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The conceptual framework for this book is based on a traditional model of medical education: case-based learning. The case-based model is still very relevant, perhaps even more relevant, in the changing environment of physician training and education and advancing medical technology which combine to make it less likely that an individual physician will witness the evolution of a complex case from start to finish.

By understanding what happens in individual cases, one is able to generalize to similar situations and incorporate basic principles into practice. We are taught the classic signs and symptoms of innumerable diseases and disorders in the course of our medical training to develop skills in pattern recognition. From repetitive review of these patterns, we learn the elements of these common conditions. As the stages of medical education advance, one becomes more oriented to the expectations and, ultimately, exceptions in these routine patterns. It is appreciating the occurrence of deviations from this pattern, however minor, that leads to more advanced diagnostic skills. The astute physician detects variance from the typical pattern to make the more unusual or exceptional diagnosis.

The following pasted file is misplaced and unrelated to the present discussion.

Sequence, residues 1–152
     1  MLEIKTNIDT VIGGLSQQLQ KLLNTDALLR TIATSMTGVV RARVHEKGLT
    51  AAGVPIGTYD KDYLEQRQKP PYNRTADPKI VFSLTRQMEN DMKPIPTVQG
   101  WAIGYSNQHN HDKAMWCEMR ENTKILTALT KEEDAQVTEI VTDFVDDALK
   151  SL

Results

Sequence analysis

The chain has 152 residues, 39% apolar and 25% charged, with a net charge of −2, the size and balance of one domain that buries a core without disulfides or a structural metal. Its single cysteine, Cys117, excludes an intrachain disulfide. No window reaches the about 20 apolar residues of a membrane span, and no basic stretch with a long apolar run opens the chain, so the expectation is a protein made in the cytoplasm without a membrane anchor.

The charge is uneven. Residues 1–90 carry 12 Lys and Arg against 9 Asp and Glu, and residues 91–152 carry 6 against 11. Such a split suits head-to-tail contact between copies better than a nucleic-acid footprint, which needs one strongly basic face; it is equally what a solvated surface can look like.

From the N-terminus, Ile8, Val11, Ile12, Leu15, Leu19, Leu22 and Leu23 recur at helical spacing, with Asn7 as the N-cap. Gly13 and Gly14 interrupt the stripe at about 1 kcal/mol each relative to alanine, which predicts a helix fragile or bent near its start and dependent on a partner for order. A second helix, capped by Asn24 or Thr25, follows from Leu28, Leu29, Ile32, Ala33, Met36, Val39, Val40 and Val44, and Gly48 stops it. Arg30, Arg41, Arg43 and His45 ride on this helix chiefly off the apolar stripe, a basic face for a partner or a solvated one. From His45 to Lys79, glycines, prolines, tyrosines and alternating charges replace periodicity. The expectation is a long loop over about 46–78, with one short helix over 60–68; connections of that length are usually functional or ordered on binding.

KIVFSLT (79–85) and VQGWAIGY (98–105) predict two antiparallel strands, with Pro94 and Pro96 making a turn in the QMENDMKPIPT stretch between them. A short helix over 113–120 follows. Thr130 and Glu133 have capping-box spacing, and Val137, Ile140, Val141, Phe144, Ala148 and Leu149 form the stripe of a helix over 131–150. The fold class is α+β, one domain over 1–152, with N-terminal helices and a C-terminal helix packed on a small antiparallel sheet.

In the education of pediatric house officers at the Children's Hospital of Philadelphia, there is a tradition of special rounds for the senior residents. The senior rounds are organized and conducted by the chief residents and supported by the faculty. It is within the context of these educational seminars that our residents are able to move and mature from pattern recognition to pattern deviation. We hope that in this effort they will move from good pediatricians to exceptional pediatricians.

This book represents a collection of many of those cases presented at the Children's Hospital of Philadelphia senior rounds. Most cases start with common complaints on the part of the child or parent. The cases presented in this text have common complaints, but, despite the protean presenting signs and symptoms, evolve into challenging diagnostic dilemmas. Each chapter in this book begins with a definition of a complaint, exploration of associated signs and symptoms that bring the patient to the physician, and discussion of questions associated with the complaint. The chapters then include a series of cases, each with twists and turns, that illustrate how to identify which children with common presenting complaints may have unusual or uncommon conditions. The cases are accompanied by clinical or radiologic images to enhance learning and retention. Following each case presentation, there is discussion of a broad differential diagnosis, commentary about which particular elements of that case led to the final diagnosis, and detailed discussion about the diagnosis in question, including epidemiology, signs and symptoms, diagnostic evaluation, and treatment.

For the book to be enjoyed most, we suggest the reader review each case and try to arrive at his or her own differential diagnosis and plan of evaluation, then read on and find out how the "mystery" was solved. An alternate way to use this book is to conduct your own group discussion or senior rounds by having one member of the group present a case and lead a discussion while using the text to facilitate dialogue.

Samir S. Shah
Stephen Ludwig

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